With a GlusterFS data center in oVirt, you can distribute your storage resources right alongside your compute resources. As a new feature, GlusterFS domain support is rougher around the edges than more established parts of oVirt, but once you get it up and running, it’s worth the trouble.

via oVirt 3.3, Glusterized — Red Hat Open Source Community.

AsciiDokken

asciidokken

It’s been a long time since I’ve blogged. My last oVirt 3.2 howto has been holding down the front page of this site for a lot of months, and now oVirt 3.3 is just around the corner.

Top “haven’t blogged” excuses:

  • Such are blogs, they go unupdated, and blog posts often start with “it’s been a long time since I blogged” (see above).
  • I’ve been expending a bit of my blogging chi by robotically filling and tweaking the links queue that feeds @redhatopen.
  • I’ve been gripped somewhat by analysis paralysis over staticly generated site blogging and writing in AsciiDoc.

It’s this third excuse I’m blogging about today.

See, I like to write in plain text — I start out writing almost everything in Tomboy or, if I’m feeling extra distracted, PyRoom. The trouble is, plain text isn’t “print” ready (and by print ready, I really mean web ready). Beyond plain text, you need some formatting, at the very least, Web links, a few code blocks, a subhead or two.

Formatting is lame and boring and adds friction to my writing experience. The way I’ve done it, for years, is to do it after the writing’s done, and to undertake a separate formatting pass for every spot I intend to publish — is this for the Web, where on the Web? Mediawiki? WordPress? Other?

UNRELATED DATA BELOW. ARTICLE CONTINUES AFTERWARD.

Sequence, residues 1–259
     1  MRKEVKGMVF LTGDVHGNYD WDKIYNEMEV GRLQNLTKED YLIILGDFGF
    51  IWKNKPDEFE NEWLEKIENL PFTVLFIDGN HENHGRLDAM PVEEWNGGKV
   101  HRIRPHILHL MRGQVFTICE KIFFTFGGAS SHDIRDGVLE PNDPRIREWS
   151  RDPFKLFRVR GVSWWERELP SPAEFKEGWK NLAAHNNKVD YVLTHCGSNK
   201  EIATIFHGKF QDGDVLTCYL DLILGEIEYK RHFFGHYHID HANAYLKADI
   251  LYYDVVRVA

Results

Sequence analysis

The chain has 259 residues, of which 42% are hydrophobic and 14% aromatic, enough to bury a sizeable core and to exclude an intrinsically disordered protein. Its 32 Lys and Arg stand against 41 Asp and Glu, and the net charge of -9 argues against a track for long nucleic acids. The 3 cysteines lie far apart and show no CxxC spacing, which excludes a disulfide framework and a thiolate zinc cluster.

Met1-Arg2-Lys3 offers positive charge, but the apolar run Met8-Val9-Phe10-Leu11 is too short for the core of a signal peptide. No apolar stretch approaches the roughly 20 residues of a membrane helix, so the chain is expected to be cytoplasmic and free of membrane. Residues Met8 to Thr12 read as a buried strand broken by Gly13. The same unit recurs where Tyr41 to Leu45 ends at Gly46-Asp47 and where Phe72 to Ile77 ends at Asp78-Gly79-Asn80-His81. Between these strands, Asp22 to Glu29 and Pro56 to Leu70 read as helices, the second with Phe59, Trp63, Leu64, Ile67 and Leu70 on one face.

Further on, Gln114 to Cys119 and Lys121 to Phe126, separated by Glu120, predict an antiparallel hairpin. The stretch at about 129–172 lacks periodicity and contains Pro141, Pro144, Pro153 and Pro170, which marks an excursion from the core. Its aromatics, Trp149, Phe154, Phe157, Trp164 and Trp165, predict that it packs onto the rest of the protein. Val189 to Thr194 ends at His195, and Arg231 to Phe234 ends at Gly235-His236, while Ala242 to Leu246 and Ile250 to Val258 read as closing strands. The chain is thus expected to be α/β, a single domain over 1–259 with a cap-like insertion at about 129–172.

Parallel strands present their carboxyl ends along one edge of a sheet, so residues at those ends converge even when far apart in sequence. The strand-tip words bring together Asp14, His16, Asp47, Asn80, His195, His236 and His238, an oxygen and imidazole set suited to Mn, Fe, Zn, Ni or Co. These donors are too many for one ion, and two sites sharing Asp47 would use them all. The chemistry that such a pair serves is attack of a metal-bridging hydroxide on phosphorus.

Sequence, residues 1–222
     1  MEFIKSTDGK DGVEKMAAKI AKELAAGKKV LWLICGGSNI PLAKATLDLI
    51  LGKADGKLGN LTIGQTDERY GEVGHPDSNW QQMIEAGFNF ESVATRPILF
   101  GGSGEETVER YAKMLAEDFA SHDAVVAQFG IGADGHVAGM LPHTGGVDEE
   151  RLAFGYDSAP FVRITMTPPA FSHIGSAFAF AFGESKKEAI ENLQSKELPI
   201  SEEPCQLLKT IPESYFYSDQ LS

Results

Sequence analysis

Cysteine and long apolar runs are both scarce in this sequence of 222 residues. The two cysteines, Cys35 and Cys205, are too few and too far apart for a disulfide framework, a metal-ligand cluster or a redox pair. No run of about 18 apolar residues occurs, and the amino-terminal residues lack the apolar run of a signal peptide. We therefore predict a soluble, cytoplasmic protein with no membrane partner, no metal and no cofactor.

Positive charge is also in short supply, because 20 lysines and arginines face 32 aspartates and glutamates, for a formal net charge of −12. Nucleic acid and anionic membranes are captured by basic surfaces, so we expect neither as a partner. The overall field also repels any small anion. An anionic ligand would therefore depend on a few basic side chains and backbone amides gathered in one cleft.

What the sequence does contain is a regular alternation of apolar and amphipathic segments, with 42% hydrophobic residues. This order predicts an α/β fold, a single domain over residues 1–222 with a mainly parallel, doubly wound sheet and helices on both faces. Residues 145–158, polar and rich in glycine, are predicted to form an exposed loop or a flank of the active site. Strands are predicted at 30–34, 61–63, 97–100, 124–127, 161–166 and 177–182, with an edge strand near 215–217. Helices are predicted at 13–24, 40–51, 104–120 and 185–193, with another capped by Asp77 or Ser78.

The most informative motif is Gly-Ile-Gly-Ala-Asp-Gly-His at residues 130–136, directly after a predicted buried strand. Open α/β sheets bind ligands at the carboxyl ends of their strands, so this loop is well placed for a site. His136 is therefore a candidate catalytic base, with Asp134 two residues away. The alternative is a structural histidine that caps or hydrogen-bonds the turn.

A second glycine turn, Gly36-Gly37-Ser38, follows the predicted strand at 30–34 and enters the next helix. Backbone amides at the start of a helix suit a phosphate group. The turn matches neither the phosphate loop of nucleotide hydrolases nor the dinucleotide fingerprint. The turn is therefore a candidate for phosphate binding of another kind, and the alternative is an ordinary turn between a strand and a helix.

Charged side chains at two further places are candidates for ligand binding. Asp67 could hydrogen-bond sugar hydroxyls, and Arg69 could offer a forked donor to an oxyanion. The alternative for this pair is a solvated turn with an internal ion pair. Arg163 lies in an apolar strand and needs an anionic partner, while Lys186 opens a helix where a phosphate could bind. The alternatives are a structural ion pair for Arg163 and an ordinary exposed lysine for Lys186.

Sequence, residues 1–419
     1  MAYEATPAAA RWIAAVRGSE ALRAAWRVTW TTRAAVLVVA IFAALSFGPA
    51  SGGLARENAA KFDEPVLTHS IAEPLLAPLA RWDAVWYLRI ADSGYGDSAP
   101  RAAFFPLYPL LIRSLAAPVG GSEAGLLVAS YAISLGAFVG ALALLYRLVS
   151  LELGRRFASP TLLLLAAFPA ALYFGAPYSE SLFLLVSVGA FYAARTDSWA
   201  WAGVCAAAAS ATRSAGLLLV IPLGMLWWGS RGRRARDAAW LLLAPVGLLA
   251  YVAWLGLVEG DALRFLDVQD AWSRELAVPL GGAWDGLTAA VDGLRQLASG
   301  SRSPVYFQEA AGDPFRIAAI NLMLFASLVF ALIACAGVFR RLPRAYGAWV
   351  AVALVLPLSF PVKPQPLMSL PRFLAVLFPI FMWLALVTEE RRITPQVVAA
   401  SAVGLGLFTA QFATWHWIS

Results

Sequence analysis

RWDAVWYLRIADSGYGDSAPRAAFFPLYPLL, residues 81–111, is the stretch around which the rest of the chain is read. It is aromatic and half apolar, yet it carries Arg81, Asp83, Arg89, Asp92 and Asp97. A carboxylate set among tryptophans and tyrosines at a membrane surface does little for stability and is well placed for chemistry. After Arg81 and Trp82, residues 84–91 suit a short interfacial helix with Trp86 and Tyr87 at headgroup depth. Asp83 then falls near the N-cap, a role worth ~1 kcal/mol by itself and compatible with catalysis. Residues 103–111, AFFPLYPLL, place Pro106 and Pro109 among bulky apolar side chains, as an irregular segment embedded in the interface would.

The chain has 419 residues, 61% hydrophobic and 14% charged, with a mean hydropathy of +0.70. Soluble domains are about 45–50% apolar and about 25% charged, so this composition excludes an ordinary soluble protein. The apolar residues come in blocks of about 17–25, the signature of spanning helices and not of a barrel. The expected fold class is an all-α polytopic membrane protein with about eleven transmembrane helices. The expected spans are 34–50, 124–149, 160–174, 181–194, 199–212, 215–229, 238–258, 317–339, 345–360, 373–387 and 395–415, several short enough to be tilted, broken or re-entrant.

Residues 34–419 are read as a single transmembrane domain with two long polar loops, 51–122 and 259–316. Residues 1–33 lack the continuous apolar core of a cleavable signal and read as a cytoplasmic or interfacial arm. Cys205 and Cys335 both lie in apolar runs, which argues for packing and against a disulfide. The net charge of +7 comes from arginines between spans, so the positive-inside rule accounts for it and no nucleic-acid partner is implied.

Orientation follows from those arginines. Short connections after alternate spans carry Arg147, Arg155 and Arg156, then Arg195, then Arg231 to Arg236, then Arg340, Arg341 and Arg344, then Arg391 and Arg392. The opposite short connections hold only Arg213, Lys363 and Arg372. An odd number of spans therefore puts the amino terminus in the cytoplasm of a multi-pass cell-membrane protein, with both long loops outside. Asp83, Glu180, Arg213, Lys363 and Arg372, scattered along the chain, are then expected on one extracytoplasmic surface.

I particularly hate writing in word processors, they’re all about formatting, and yet the formatting they produce often isn’t appropriate for most places you’ll end up publishing. For instance, word processors produce famously junky HTML.

Enter AsciiDoc

My collegaue Dan Allen has been spreading the gospel of AsciiDoc, a lightweight plain text markup language, and of Asciidoctor, a Ruby processor for converting AsciiDoc source files and strings into HTML 5, DocBook 4.5 and other formats.

With my plain text orientation, annoyance with formatting gunk, and deep dissatisfaction with word processors, AsciiDoc appealled to me. I know that Markdown is teh hotness, sort of, but AsciiDoc’s formatting for my #1 use case, inserting hyperlinks, is simpler than that for Markdown, and AsciiDoc seems better aligned with my needs overall.

As Dan promised, I found it very easy to get rolling with AsciiDoc. You just write, the formatting is simple, and you can do all the sorts of things you need to do, the first time through.

It’s simple to add links and images, and AsciiDoc’s handling of bullets and numbering has made life easier writing posts and howtos.

In fact, after writing in AsciiDoc for the past couple months, I found the other day that I had to look up the syntax for HTML link tags. In AsciiDoc, it’s URL[text] and that’s it.